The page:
Lawmakers voted 375-48 to abolish the Military Intelligence Services, Poland's only secret service unreformed since the fall of communism in 1989, and replace it with two new agencies, called the Military Intelligence Agency and the Military Counterintelligence Agency.
The socially conservative Law and Justice led government made disbanding the agency a key pillar to last fall's parliamentary election campaign, arguing that it was raft with post-communist corruption, maintained strong ties with Russian intelligence and had shady dealings with businessmen, the AP reports.
Its replacement agencies will employ both military personnel and civilians, and will fall under the control of the minister for secret services, not the Defense Ministry like their predecessor. New hires will go through a vetting process to ensure they did not cooperate with Soviet intelligence agencies during the Cold War or have ties with organized crime.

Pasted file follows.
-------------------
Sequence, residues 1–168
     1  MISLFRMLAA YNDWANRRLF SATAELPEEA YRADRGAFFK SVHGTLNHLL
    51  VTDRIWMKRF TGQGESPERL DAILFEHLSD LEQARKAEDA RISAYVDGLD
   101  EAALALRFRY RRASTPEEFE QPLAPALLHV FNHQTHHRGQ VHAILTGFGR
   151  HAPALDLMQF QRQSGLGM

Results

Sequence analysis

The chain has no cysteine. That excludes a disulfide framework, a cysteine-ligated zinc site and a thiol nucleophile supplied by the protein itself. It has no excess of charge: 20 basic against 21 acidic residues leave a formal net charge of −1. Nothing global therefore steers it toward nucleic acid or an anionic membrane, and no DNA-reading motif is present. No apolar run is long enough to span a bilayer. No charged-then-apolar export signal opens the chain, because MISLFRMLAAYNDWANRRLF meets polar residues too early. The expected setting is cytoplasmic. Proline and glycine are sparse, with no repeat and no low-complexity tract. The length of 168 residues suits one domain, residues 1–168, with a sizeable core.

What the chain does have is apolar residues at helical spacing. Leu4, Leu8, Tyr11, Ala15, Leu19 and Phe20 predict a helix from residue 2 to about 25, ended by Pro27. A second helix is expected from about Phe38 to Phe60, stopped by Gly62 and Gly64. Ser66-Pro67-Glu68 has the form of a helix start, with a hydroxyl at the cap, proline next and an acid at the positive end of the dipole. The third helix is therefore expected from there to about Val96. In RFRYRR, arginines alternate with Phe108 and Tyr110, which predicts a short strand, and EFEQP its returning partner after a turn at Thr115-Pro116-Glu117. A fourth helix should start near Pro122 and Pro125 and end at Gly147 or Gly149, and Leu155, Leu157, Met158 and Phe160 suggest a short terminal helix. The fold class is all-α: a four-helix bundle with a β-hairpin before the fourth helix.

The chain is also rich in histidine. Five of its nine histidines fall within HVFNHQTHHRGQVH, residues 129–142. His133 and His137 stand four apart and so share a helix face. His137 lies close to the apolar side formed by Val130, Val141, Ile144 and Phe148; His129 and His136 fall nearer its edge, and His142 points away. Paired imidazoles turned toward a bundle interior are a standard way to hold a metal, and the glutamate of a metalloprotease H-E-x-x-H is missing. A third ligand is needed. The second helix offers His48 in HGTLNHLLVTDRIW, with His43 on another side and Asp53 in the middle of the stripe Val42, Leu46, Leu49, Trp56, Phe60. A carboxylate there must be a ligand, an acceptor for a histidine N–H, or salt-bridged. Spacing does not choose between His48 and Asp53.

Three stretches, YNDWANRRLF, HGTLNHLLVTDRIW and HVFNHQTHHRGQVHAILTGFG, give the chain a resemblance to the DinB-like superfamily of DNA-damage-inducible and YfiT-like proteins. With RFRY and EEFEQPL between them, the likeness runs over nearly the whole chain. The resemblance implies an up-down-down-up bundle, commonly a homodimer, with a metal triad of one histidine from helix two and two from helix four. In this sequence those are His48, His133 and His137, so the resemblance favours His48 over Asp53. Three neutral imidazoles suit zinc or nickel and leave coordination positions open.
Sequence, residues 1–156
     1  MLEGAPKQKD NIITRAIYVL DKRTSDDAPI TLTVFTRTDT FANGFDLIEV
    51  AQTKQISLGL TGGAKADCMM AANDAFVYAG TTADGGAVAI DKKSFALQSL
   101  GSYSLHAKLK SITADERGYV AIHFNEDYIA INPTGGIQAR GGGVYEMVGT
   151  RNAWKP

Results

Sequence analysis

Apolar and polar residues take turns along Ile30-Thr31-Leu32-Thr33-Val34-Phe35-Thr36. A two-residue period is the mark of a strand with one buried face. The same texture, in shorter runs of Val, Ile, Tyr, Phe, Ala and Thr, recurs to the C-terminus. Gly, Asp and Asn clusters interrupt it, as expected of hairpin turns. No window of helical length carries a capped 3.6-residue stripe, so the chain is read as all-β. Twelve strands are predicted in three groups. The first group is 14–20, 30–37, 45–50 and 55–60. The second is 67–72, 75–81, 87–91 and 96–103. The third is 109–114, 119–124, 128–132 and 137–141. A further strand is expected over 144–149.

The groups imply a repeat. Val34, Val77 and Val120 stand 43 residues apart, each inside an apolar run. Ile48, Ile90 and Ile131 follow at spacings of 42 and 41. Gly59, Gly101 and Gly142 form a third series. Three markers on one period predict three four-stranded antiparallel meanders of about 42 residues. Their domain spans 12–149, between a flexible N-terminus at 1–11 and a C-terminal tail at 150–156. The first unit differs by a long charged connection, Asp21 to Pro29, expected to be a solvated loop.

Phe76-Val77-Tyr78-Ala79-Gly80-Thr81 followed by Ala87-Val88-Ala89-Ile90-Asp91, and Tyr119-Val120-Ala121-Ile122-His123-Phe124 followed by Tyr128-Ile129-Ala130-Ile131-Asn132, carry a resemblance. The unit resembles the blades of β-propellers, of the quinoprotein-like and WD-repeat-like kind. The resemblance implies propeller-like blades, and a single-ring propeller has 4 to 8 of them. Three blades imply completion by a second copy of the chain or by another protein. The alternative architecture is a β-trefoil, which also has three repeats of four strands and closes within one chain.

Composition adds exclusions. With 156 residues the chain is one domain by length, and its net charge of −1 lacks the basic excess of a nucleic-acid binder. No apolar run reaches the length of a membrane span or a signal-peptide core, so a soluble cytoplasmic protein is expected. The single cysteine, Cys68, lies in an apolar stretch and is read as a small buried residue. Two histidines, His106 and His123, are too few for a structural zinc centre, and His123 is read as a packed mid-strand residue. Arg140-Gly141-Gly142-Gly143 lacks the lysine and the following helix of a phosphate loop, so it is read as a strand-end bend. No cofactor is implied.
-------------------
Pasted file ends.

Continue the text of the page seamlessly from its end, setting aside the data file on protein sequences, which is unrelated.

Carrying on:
The bill next goes to the upper house of parliament, where it is expected to easily pass.
The old Military Intelligence Services would be officially disbanded Sept. 30, and the new agencies will start work Oct. 1.
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